Defense Base Act

If you sustain an injury while working abroad for the American government, under U.S. law you are entitled to be compensated for that injury. While this fact is simple, receiving that compensation and maneuvering through the multiple legal aspects of the Defense Base Act is much less straightforward, and exponentially more difficult. Thankfully, the experienced Defense Base Act attorneys at Weltin, Streb & Weltin can help you navigate these twisting currents and get you the compensation you deserve.

With the United States continuing to have a far-reaching military presence around the world, including Iraq and Afghanistan, the number of military contractors employed by the American government has grown proportionally. This increase of contractors working with the armed forces means that more and more workers are covered by the Defense Base Act, though many of them do not know the extent of their legal rights as military contractors.

American laws, including the Defense Base Act, provide benefits to military contractors, even if they are not U.S. citizens and are working abroad. For example, if a worker is injured while employed by a contractor of the federal government, you are entitled to compensation by their employer. Combined with the federal Longshore and Harbor Workers Compensation Act (LHWCA), the Defense Base Act provides a series of statutes that protect the rights of government contractors working overseas.

Specific examples of activities covered under the Defense Base Act include:

  • Working under U.S. Foreign Assistance Act contracts which are performed outside the U.S.
  • Working on a U.S. military base or lands used for American military purposes outside of the U.S.
  • Working on a public utilities contract with any American government agency outside the U.S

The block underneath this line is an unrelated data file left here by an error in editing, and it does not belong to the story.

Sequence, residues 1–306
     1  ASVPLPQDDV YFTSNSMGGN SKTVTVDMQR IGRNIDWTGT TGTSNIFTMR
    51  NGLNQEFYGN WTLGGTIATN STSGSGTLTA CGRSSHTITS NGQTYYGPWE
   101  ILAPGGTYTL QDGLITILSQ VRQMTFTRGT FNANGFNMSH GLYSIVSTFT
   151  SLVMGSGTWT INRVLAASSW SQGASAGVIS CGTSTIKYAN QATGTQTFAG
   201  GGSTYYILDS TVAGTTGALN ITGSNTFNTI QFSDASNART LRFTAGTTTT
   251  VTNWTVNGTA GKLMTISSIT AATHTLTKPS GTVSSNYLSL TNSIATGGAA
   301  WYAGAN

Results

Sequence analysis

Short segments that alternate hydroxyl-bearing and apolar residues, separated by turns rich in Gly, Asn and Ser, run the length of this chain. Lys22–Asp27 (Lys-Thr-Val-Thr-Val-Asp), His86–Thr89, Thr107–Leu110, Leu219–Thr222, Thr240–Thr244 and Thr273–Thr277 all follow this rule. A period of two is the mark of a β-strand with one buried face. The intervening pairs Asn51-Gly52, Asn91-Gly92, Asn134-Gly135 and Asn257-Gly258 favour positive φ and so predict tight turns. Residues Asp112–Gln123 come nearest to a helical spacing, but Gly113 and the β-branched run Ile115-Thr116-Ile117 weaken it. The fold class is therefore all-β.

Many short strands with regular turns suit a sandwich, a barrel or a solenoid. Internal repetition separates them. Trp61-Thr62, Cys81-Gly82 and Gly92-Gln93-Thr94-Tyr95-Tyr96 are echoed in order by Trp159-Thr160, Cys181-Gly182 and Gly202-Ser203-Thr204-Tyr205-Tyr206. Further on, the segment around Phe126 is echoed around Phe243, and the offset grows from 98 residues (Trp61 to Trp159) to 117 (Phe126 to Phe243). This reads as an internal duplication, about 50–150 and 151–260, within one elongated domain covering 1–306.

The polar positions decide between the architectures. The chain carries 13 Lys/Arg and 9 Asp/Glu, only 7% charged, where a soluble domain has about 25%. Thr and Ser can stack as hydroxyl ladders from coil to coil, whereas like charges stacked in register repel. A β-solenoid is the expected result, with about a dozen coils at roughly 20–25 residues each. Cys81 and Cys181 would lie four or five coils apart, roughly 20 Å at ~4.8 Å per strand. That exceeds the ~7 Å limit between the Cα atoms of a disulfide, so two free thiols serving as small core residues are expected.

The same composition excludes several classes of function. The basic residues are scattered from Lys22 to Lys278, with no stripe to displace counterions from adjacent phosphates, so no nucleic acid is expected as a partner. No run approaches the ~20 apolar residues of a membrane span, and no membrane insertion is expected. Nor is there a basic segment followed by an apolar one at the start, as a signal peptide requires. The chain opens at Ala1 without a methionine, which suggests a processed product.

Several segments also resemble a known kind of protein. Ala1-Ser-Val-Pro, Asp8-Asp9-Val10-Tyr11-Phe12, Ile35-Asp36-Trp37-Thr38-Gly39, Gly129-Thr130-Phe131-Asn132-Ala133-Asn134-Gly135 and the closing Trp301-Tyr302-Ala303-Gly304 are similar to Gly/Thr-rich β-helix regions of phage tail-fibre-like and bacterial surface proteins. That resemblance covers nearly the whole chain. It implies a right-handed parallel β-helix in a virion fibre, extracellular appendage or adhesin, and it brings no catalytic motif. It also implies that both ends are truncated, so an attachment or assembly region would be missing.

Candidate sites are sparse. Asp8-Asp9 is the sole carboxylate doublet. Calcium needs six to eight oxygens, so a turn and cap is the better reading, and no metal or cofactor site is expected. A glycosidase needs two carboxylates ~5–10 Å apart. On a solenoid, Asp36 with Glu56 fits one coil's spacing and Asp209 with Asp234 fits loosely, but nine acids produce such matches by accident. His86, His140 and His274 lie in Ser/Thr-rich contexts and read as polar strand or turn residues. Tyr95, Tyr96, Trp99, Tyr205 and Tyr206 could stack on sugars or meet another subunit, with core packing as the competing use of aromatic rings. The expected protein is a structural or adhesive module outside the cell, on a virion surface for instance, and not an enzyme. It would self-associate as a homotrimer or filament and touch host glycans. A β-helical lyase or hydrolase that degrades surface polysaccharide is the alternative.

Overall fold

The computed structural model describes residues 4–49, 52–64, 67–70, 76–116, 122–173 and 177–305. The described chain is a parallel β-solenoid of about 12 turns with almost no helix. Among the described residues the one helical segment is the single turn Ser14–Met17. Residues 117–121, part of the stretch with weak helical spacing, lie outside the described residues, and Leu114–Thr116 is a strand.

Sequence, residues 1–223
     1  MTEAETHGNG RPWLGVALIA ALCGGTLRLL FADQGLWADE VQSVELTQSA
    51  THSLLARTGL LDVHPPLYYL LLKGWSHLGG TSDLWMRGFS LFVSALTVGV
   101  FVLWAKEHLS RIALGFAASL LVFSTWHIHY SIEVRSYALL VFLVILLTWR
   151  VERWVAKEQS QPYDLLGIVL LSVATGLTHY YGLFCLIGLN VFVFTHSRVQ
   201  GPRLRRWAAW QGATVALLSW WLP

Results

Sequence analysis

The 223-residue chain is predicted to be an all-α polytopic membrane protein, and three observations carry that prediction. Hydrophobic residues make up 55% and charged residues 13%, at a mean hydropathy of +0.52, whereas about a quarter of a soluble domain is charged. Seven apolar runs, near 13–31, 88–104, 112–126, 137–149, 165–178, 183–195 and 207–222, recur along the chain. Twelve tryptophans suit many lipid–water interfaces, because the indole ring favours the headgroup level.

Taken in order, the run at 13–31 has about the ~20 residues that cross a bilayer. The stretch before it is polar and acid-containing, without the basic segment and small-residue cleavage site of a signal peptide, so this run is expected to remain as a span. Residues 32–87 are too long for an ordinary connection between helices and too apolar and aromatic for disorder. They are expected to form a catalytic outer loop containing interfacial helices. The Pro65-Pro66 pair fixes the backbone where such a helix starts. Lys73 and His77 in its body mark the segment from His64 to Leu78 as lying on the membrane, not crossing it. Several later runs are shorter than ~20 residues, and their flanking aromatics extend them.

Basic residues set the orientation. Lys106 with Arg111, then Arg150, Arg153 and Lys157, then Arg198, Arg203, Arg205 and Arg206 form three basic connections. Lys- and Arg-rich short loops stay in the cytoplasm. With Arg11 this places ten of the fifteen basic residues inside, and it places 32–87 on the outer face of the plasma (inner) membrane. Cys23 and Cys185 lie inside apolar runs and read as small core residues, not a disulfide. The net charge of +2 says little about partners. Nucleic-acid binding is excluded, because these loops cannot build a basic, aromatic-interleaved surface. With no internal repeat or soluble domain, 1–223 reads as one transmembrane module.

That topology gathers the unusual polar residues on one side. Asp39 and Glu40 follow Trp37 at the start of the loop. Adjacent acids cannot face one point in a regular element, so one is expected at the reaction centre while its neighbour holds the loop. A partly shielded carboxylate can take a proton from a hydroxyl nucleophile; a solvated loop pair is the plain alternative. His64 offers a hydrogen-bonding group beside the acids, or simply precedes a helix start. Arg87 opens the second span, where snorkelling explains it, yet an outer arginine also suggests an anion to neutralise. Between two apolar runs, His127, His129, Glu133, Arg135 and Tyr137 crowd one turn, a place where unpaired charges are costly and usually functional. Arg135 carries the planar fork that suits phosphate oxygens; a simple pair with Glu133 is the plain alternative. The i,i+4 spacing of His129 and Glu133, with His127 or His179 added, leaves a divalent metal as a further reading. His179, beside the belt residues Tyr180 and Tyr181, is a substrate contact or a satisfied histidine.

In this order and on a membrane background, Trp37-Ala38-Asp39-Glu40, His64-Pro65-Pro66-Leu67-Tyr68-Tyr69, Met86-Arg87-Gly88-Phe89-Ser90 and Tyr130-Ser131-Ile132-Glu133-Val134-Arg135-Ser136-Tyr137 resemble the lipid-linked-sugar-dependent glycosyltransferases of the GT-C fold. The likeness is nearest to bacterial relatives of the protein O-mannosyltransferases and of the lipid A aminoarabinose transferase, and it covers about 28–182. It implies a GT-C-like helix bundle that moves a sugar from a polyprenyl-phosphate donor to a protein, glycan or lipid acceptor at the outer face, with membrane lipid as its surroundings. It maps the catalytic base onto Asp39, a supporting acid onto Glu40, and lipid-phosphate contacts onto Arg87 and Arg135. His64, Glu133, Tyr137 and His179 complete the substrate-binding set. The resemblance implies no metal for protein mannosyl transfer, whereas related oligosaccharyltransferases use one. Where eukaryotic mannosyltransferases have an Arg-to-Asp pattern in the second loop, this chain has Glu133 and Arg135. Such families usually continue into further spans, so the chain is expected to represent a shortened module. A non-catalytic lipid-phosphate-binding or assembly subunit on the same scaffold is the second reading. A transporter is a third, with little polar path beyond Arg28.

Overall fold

• Working to provide welfare or similar services for the benefit of the U.S. Armed Forces outside the U.S.

If you have been hurt while working under any of the above conditions, you are entitled to compensation under the Defense Base Act, no matter what your nationality is.

The Defense Base Act uses the statutes of the LHWCA for most of its fundamental aspects, including forms, compensation rates, schedules for disability ratings, medical benefits, and rules of evidence. The Defense Base Act also advocates that an injured worker is entitled to paid medical care, disability compensation, rehabilitation, temporary and permanent partial disability, and temporary and permanent total disability. If a worker dies while employed to a U.S. military contractor, benefits are also available to immediate family members of the deceased contracted worker.

While your case might seem open-and-shut, contractors and their insurers often retain attorneys to counsel them on each injury claim. There is an undeniable incentive for government contractors to avoid reporting injuries, or to downplay those injuries and the compensation that is due for them. In order to collect compensation for an injury, notice of injury must be given within thirty days, and a claim must be filed within one year. These are the types of limitations that contractors and their insurance companies use against injury victims to minimize the number of claims they have to pay out on. It is important for the worker to seek the advice of a Defense Base Act attorney, so that they can be given the same legal knowledge that the employers have.

The law firm of Weltin, Streb & Weltin has valuable experience in LHWCA claims, as well as Defense Base Act claims. Our Defense Base Act attorneys utilize this substantial experience to represent government contract workers who are injured anywhere in the world. Your case will be overseen with the individualized attention of an experienced DBA attorney, and we will work to make ourselves reachable by email, phone, or any other method convenient to those working abroad. For a free and confidential consultation, contact our office today at (510) 251-6060.